W3C home > Mailing lists > Public > public-webappsec@w3.org > April 2017

Re: Breaking the `opener` relationship.

From: Artur Janc <aaj@google.com>
Date: Fri, 28 Apr 2017 20:44:04 +0200
Message-ID: <CAPYVjqq9P-UqGA4XXgtT3CjTwF4SygB29j8Py1fW=DAffoJ7BQ@mail.gmail.com>
To: Mike West <mkwst@google.com>
Cc: Alex Russell <slightlyoff@google.com>, Emily Stark <estark@google.com>, Jonathan Watt <jwatt@mozilla.com>, Anne van Kesteren <annevk@annevk.nl>, "public-webappsec@w3.org" <public-webappsec@w3.org>
On Fri, Apr 28, 2017 at 4:24 PM, Mike West <mkwst@google.com> wrote:

> On Fri, Apr 28, 2017 at 2:12 PM, Artur Janc <aaj@google.com> wrote:
>> #2 in https://wicg.github.io/isolation/#threat of Emily's doc spells out
>>> the model in broad strokes. Basically, if someone has a handle to your
>>> window, it's not really your window anymore, not fully. Locking down access
>>> to `w.postMessage()`, access to frames (`w.length`, `w.frames['name']`,
>>> `w.frames[1]`, etc), `focus()`/`blur()`, and `w.location` stand out as the
>>> things I'm concerned about. Mostly in the context of Emily's Isolation
>>> proposal, but hopefully in a generally applicable way.
>> A couple of other things: `window.stop()`
> I don't think this is exposed cross-origin today.

You're right; I meant the fact that window.stop() on the embedder affects
the state of cross-origin frames, and it would nice if it didn't, but it's
minor point and probably not worth dwelling on ;)

> getting load timings from cross-origin frames, and the ability to perform arbitrary
>> CSS/SVG transforms <https://arturjanc.com/xo-frame.html> of cross-origin
>> content, all of which enabled interesting attacks in the past. I'm not sure
>> if the latter two would be addressed by this proposal, though.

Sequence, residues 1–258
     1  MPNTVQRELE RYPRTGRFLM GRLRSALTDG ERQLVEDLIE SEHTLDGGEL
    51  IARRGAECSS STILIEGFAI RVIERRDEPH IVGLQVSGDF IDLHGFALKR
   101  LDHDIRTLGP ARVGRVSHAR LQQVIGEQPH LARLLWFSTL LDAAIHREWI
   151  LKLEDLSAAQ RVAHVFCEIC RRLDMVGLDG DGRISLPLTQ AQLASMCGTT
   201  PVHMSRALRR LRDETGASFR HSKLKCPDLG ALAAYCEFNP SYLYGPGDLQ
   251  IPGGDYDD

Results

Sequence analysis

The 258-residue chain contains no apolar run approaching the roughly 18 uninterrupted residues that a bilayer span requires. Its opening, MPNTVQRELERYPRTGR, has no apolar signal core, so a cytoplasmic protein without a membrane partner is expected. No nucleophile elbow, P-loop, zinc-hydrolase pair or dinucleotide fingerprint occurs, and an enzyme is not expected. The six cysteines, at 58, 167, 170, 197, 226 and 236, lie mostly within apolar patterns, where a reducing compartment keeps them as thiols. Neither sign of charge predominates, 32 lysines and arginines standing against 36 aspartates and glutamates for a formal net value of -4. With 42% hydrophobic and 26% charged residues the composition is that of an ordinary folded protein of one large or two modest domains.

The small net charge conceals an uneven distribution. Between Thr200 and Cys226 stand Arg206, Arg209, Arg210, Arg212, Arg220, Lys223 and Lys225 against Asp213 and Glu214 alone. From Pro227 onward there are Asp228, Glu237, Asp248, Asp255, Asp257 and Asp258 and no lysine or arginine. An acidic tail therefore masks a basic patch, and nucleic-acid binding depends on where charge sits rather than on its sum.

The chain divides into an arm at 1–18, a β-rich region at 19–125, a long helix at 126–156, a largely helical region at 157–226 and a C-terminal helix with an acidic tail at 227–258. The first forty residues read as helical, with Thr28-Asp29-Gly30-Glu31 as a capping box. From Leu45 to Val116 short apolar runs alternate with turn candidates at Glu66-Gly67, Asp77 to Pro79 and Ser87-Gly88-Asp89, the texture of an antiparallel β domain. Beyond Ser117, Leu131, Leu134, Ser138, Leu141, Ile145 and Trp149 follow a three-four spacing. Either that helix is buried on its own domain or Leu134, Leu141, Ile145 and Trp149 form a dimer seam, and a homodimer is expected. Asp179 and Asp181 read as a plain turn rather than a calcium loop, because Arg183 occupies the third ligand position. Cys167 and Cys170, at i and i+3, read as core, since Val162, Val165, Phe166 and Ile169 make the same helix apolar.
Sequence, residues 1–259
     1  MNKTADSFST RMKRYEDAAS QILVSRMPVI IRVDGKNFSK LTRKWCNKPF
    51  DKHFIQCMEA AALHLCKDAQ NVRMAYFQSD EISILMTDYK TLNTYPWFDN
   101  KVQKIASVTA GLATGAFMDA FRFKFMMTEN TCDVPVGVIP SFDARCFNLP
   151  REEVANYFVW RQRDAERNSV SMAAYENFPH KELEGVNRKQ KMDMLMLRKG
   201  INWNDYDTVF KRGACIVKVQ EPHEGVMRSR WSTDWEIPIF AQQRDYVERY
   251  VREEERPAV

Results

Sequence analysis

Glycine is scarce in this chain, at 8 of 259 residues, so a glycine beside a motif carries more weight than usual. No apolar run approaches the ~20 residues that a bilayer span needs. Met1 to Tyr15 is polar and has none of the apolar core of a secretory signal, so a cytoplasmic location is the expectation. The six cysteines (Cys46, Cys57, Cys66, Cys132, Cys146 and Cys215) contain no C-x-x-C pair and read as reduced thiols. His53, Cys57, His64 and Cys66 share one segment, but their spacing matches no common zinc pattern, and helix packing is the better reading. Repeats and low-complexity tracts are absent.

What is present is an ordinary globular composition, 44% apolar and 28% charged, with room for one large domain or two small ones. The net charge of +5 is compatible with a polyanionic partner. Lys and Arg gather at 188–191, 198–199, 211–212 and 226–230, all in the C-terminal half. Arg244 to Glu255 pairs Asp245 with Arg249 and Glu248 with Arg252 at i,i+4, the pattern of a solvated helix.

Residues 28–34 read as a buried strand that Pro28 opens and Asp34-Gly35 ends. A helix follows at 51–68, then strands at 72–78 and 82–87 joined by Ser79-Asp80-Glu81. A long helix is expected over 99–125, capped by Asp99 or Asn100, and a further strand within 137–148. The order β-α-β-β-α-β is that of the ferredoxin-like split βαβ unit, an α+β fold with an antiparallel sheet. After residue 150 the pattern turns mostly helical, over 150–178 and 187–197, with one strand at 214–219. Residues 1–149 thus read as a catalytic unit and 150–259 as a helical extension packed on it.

> They would not. At the moment, I'm strictly considering things that hang
> off the `WindowProxy` object. The vectors you mention here both seem like
> interesting things to defend against, but somewhat distinct from what I'm
> suggesting. Do you see them as intertwined-enough to justify tying them
> together?
> FWIW I also don't think postMessage is a huge concern here given that
>> developers already have a mechanism that lets them decide which messages
>> they trust.
> I agree with you that it should be straightforward to defend against
> `postMessage`-based attacks. As noted elsewhere, however, the `postMessage`
> API is pretty easy to get wrong, and has lead to practical attacks in the
> past. Maybe Google's doing a better job with this internally than other
> folks?

Nice try, but I don't think so ;-)

In general, I see most of the value of the proposed `opener` restrictions
in breaking access to the DOM properties you mentioned (assigning to
window.location, traversing frames, etc). I see *some* value in trying to
disable other shenanigans which leak or change state across origins like
the ones I mentioned earlier, especially if there's going to be an explicit
flag that indicates the document wants to protect itself from cross-origin
interaction; but I won't be very sad if that doesn't happen, especially
X-Frame-Options already helps protect against some of this.

I'm mostly indifferent about postMessage because I doubt that developers
who don't properly perform the one crucial security check that postMessage
requires will clamor to adopt a new feature which requires more testing
(than just checking event.origin), and which can't be easily set by their
JS framework (unlike postMessage wrappers which can do origin checks by

But just to be clear, I don't have any problem with breaking postMessage to
our document if we're being opened or iframed across origins. I just don't
want to have to -- at the same time -- block our document from talking to
iframes and widgets that we've explicitly embedded because that has little
security upside and a large compatibility downside.

> On Fri, Apr 28, 2017 at 4:15 AM, Devdatta Akhawe <dev.akhawe@gmail.com>
>>> wrote:
>>>> Even though I agree with Artur about risk priority, I am ok with
>>>> lumping iframe and window.open together for this directive.
>>> I think it would be strange to treat these distinctly: both offer
>>> third-parties access to your `WindowProxy` object. It's not clear that
>>> trusting one is any different than trusting the other, as they offer the
>>> same capabilities.
>> To clarify, I don't think we should treat window.open and iframes
>> differently, but that we should distinguish restrictions based on whether
>> (1) the document is being embedded/opened by external content, and (2) the
>> document itself decides to embed/open external content. I can see a lot of
>> benefit to (1) and would use it in many applications; I don't see much
>> benefit to (2) over existing mechanisms, and suspect it might make it less